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WWII Chemical Weapons Clean-up Ready

Dozens of villagers and their livestock in Qiqihar City were evacuated Tuesday to make way for a working team's clean-up of chemical bombs left by Japanese invaders during World War II, the local government said.

Nine rural families in Touzhan Village, Yushutun Town, were moved from areas within a radius of 60 meters around the site where the chemical bombs were found, while other villagers living near the site were ready to leave any time in the event of an emergency, local officials said.

The bombs were found by a local farmer named Dong Liyan on May 23 near his house in the city's Ang'angxi District, where a Japanese airport was located and a deployment regiment was stationed during World War II.

Chinese have raised their voice repeatedly to urge the Japanese government to take a correct attitude toward history and shoulder the responsibility to clear up all the chemical weapons abandoned by the Japanese invaders.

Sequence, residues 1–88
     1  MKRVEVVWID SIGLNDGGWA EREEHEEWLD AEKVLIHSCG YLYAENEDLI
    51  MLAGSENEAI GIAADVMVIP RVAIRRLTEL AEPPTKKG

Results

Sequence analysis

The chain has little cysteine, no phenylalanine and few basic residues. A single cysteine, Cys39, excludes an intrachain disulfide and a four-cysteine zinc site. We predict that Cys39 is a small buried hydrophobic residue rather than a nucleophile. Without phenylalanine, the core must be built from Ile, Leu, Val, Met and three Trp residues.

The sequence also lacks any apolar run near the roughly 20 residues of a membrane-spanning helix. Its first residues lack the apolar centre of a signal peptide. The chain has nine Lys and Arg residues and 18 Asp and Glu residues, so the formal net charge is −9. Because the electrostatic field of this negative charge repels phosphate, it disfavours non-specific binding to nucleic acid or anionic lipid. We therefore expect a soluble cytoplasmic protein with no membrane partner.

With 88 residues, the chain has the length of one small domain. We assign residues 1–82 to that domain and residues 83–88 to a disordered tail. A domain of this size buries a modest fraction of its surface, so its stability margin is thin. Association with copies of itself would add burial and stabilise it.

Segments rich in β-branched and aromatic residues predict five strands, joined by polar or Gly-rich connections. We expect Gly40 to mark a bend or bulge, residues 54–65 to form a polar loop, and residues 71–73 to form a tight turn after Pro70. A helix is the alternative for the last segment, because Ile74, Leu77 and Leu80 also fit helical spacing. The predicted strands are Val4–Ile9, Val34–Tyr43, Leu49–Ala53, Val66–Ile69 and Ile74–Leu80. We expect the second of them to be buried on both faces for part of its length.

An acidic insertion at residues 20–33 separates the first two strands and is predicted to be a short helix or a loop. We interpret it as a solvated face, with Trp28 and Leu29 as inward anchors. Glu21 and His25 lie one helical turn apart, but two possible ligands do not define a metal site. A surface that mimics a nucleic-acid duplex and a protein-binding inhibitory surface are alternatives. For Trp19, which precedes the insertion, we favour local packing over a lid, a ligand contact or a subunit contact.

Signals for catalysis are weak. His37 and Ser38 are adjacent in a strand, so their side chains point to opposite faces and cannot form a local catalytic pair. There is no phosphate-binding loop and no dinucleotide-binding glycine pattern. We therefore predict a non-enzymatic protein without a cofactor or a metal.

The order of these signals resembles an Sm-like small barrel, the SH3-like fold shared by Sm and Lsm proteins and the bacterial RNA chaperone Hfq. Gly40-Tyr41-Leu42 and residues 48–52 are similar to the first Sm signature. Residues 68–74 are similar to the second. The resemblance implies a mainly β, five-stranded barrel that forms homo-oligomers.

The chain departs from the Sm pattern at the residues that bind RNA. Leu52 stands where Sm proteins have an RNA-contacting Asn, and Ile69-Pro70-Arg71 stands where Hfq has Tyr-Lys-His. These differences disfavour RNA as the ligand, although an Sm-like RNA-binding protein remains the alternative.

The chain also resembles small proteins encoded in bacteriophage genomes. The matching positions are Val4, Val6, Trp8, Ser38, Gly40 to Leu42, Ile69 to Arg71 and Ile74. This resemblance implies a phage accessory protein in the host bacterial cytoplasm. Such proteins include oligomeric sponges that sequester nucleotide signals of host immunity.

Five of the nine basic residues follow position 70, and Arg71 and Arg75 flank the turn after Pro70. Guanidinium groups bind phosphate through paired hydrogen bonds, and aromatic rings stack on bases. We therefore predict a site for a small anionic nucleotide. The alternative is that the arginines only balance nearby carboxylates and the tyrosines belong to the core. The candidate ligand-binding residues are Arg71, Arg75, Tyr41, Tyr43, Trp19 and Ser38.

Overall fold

A working team consisting of Chinese and Japanese experts will arrive at the scene Wednesday to dig out and seal the chemical weapons, which will then be temporarily kept in a special storeroom in Qiqihar. They will be destroyed when a professional destruction center is ready in the city, the Chinese Foreign Ministry said.

Chinese soldiers began to garrison in the village since Saturday to level off the ground, put up tents and build a makeshift road and a parking lot.

Some 2,000 Chinese have so far become victims of the discarded chemical weapons after the war was over, previous reports said. In Qiqihar alone, eight incidents involving Chinese becoming victims of Japanese chemical weapons have taken place since the People's Republic of China was founded in 1949.

Qiqihar used to be a major logistic base of the Japanese troops during the war.

(Xinhua News Agency June 15, 2004)

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